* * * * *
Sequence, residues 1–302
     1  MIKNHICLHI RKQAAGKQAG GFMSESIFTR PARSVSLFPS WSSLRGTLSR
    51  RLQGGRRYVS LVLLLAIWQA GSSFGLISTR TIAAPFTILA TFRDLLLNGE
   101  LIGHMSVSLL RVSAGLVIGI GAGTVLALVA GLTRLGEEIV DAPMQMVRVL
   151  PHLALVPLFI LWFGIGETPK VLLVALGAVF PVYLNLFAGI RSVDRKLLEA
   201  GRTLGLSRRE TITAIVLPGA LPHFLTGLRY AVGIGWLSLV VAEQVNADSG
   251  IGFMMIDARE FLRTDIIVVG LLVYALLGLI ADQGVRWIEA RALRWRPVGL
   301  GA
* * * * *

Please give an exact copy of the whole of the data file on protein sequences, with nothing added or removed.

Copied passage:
Sequence, residues 1–302
     1  MIKNHICLHI RKQAAGKQAG GFMSESIFTR PARSVSLFPS WSSLRGTLSR
    51  RLQGGRRYVS LVLLLAIWQA GSSFGLISTR TIAAPFTILA TFRDLLLNGE
   101  LIGHMSVSLL RVSAGLVIGI GAGTVLALVA GLTRLGEEIV DAPMQMVRVL
   151  PHLALVPLFI LWFGIGETPK VLLVALGAVF PVYLNLFAGI RSVDRKLLEA
   201  GRTLGLSRRE TITAIVLPGA LPHFLTGLRY AVGIGWLSLV VAEQVNADSG
   251  IGFMMIDARE FLRTDIIVVG LLVYALLGLI ADQGVRWIEA RALRWRPVGL
   301  GA